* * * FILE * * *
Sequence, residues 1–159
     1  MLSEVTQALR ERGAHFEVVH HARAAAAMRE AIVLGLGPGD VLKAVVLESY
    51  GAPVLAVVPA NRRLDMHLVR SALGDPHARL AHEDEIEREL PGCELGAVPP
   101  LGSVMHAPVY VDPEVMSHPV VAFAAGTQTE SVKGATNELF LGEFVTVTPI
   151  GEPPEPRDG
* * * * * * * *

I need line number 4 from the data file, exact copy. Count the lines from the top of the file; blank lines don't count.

   101  LGSVMHAPVY VDPEVMSHPV VAFAAGTQTE SVKGATNELF LGEFVTVTPI